THIS STORY HAS BEEN FORMATTED FOR EASY PRINTING

Patrick stuns and heartens by shunning men’s night

By Michael Levenson
Globe Staff / December 8, 2009

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For more than a century, it has been a bastion of backslapping, brotherly bonhomie. Judges, governors, cardinals, and mayors have accepted the club’s invitation to hold court over dinner. Club members, wearing clover-leaf pendants over their tuxedoes, sing ribald songs, perform farcical skits in wigs and dresses, and roast their honored guests.

But Governor Deval Patrick, the nation’s former top civil rights official and the first black governor of Massachusetts, has suddenly sparked a debate about the propriety of the 126-year-old Clover Club’s thrice-a-year dinner, by deciding at the last minute to cancel his scheduled appearance last Saturday night. His reason: The club does not accept women.

Club members and their guests, who include many high-powered executives and political leaders, said they were stunned and disappointed.

“I’ve never heard of anybody who thinks it’s inappropriate,’’ said former House speaker Thomas M. Finneran, who said he has attended about 10 club dinners over the years. “Neither my wife nor my daughter, who are grown and very intelligent women, were ever offended that I was going to a guys-only event.’’

Former attorney general and House speaker Robert H. Quinn, who has been attending for three decades, also defended the group.

“I don’t think there’s anything wrong with men’s clubs,’’ Quinn said.

Patrick’s office explained his cancellation in a brief statement Sunday, blaming the governor’s staff for failing to alert him to “a full understanding of the club’s traditions’’ and saying, “When the governor recently found out about the fact that women were not allowed to attend such functions, he expressed his concern to the organizers and decided not to attend.’’ Yesterday Patrick, through a spokesman, declined to elaborate.

The governor’s decision was praised by several politically active Massachusetts women.

“I’m glad the governor did what he did, and he absolutely did the right thing,’’ said Cheryl M. Cronin, a prominent Boston lawyer and Patrick supporter who called the male-only tradition “just misguided.’’

“It’s one thing for people to socialize with their own gender - those are personal decisions - but to have institutionalized clubs or facilities that expressly exclude certain people based on gender or race and to have the governor participate in that is . . . not the place he wants to be,’’ Cronin said.

Shannon P. O’Brien, the former state treasurer, said her own father was once a speaker at the club and was thrilled by the honor. She said she has many friends in the club, which she described as “an opportunity for influential business people to mingle and listen to bad speeches.’’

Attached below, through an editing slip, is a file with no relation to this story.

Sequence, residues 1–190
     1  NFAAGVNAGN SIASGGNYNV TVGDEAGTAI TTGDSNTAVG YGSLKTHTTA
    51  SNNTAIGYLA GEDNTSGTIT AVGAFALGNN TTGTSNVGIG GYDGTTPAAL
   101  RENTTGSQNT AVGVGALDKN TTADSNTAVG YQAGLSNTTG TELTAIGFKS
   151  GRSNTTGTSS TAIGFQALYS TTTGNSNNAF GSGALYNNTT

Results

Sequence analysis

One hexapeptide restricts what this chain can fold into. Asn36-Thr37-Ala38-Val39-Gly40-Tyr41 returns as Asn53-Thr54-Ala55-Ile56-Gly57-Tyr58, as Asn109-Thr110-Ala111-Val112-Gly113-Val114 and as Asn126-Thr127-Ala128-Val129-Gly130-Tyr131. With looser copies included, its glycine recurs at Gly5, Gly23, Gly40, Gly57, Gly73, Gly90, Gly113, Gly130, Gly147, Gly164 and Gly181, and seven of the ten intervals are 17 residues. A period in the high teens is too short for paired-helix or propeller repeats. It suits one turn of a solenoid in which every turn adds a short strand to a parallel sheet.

But she said many women will welcome Patrick’s decision.

“That will warm the hearts of women who were not invited,’’ O’Brien said.

The club was founded in 1883 by leading Irish-Americans in Boston who were responding to their own exclusion from the city’s Brahmin social clubs, which were dominated by the Yankee elite.

Clover Club members wanted “to demonstrate that they were indeed gentlemen, and they knew how to behave, and use a knife and fork, and they could be a group who invited illustrious speakers, and their sons were good enough to go to Harvard,’’ said Thomas H. O’Connor, university historian at Boston College. O’Connor spoke at the club in the 1960s with Cardinal Richard J. Cushing.

Over the decades, the club has mixed windy speeches on history and politics with high jinks and tomfoolery. Club members once pelted James Michael Curley, the legendary mayor of Boston, with dinner rolls. Curley was lampooned as “King James the First,’’ and then, in 1936, club members elected as their president John F. Fitzgerald, the former mayor of Boston, who poked fun at himself by dressing as Napoleon.

The club holds three dinners a year, which for decades were staples of the city’s political scene. Although most of its members are of Irish descent, many of its speakers are not.

Leverett Saltonstall, the state’s famously Brahmin governor and senator, once drew laughs in an address to club members, proudly proclaiming himself “Irish on the chauffeur’s side.’’

Details about the size and makeup of the club’s membership are not public, and a past president yesterday was vague about requirements for joining, which he said is by invitation. The club’s president, James T. Brett, did not return calls seeking more information.

The Clover Club dinners, held at the Boston Park Plaza Hotel, still attract more than 600 men, but are now closed to the press.

Club members include William M. Bulger, former Senate president and former president of the University of Massachusetts; Kenneth K. Quigley Jr., president of Curry College; George J. Matthews, former chairman of the Northeastern University board of trustees; and Brett, president and chief executive of the New England Council, a business group.

“Every governor I have ever known has spoken at the club,’’ said Thomas P. O’Neill III, a club member, former lieutenant governor, and a son of the former US House speaker, who was also a member. “It never got caught up in that controversy about women or men-only clubs.’’